It's a potential power source. The green glop that forms in fetid pools and in nutrient soaked ground fed by overflowing septic systems increasingly is being investigated for properties beyond the "ugh" factor.
At Stanford University, a team of scientists has figured a way to extract a tiny portion of electrical current from algae cells. Gwyneth Dickey at the Stanford News Service wrote that the team was "able to draw from each cell just one picoampere, an amount of electricity so tiny that they would need a trillion cells photosynthesizing for one hour just to equal the amount of energy stored in a AA battery."
The power comes from photosynthesis, the process through which a plant converts sunlight to energy.
Dickey quoted WonHyoung Ryu, the lead author of the paper published in the March issue of Nano Letters, as saying he believes the Stanford team is the first to extract electrons from living plant cells. However, Ryu said there is a long way to go to put such power generation to any commercial use. "We're still in the scientific stages," he said.
However, in Nano Letters, he offered a more effusive account: "This result may represent an initial step in generating 'high efficiency' bioelectricity by directly harvesting high energy photosynthetic electrons."
University of California, Merced graduate student Patrick Wiley is also investigating the power potential of algae.
Wiley will work in Santa Cruz cultivating algae in ocean-floating bags and with a University of California, Berkeley group also developing ways to generate power with algae.
Here's what Elliott told us in a past post: "The synergistic opportunity that is most apparent to me for the Valley is between wastewater and algae biofuels. Finding cost-effective ways to produce algae biofuels is a real challenge. The San Joaquin Valley may be a good place to think about economic solutions where existing algae wastewater ponds can be combined with algae biofuels production."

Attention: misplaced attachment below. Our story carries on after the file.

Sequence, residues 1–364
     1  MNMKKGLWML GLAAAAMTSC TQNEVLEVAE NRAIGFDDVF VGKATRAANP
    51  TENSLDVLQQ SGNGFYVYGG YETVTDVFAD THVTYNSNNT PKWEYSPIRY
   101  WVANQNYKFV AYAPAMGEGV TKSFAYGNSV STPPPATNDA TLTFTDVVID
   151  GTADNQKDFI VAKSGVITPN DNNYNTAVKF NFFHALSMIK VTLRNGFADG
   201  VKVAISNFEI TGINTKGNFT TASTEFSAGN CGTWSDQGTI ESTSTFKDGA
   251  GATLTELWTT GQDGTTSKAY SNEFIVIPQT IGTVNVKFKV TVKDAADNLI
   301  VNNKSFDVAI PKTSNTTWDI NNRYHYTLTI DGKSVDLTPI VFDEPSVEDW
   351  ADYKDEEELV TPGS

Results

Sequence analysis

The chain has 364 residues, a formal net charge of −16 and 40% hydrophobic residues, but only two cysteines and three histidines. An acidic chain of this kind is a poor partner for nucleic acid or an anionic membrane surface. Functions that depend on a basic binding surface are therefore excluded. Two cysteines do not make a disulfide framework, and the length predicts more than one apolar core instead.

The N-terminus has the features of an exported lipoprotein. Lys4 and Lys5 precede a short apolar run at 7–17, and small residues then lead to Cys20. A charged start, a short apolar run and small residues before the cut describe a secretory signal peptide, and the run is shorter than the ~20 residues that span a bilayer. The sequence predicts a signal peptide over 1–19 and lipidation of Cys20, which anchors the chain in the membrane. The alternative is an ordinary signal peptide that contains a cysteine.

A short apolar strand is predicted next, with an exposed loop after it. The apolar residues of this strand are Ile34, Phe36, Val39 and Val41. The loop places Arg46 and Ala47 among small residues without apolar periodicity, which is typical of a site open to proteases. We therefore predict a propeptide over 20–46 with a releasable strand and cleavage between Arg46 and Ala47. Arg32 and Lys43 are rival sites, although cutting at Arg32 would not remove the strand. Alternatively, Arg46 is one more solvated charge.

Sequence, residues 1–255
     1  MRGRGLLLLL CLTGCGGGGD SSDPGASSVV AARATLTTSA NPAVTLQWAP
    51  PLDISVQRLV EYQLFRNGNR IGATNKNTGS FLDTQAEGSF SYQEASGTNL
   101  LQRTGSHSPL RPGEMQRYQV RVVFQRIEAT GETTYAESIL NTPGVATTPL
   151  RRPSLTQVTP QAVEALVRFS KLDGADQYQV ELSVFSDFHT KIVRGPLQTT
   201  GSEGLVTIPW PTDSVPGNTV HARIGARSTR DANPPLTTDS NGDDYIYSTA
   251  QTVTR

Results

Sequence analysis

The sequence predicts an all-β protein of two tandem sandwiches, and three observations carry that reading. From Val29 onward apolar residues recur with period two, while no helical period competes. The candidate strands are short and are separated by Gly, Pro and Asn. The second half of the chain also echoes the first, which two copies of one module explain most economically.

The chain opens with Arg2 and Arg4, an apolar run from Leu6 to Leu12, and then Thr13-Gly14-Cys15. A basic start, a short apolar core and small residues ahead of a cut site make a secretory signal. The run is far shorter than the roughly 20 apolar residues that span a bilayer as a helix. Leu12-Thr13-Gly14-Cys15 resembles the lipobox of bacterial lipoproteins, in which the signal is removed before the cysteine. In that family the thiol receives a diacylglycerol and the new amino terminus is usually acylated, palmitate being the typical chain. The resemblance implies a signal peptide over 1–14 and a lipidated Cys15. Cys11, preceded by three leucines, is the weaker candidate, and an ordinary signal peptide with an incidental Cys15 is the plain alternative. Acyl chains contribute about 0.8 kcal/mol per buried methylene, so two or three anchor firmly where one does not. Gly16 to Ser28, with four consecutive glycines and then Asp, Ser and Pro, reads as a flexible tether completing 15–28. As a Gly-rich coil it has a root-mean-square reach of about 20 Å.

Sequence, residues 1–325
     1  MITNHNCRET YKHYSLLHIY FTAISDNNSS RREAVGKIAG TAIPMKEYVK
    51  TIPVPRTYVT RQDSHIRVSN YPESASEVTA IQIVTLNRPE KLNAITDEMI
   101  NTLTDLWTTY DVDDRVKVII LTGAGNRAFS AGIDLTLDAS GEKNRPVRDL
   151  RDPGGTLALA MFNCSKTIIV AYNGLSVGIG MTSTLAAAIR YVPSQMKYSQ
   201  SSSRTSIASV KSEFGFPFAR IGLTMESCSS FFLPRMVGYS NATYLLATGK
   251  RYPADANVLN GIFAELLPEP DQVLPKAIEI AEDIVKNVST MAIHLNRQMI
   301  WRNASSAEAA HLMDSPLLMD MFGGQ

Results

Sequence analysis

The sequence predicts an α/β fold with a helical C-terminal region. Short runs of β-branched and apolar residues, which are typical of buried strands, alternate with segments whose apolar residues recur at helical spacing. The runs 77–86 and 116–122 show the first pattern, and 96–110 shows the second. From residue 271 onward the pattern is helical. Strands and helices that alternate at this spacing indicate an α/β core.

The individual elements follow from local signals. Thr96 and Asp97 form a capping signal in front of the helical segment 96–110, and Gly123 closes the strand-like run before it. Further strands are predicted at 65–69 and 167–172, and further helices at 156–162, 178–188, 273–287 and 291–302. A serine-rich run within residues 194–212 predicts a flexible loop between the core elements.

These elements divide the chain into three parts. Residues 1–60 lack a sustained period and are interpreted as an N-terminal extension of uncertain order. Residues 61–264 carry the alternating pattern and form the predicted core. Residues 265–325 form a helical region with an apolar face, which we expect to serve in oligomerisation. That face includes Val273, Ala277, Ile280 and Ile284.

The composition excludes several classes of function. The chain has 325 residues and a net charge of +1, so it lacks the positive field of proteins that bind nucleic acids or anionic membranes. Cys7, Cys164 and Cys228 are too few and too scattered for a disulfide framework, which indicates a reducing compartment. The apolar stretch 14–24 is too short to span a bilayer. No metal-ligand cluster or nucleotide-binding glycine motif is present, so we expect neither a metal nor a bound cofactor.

And last month, Boulder, Colo.-based Pike Research said algae is among the substances being investigated with "significant investments" for commercial production of cellulosic ethanol.
Research into algae, especially as it relates to biofuels, has been going on for years and is expected to continue. UC Berkeley Professor Kris Niyogi said the amount of energy required to produce fuel from algae is an important question, as it is for any type of alternative energy.
"Inevitably, there are going to be energy inputs that are necessary to produce a fuel from algae, just as there are for other biofuels, such as corn ethanol," he said in an interview with Nova on PBS last year. "For algae, energy will be needed to build the ponds or photobioreactors, to mix the water and provide carbon dioxide and other nutrients, to harvest and concentrate the algal cells from large volumes of water, and to make and transport the biodiesel product.
"I don't think there is a clear answer yet for algae. A lot of engineers are hard at work trying to minimize the energy inputs and maximize the net energy output."
Photo: Courtesy Wilson Lab at Auburn University.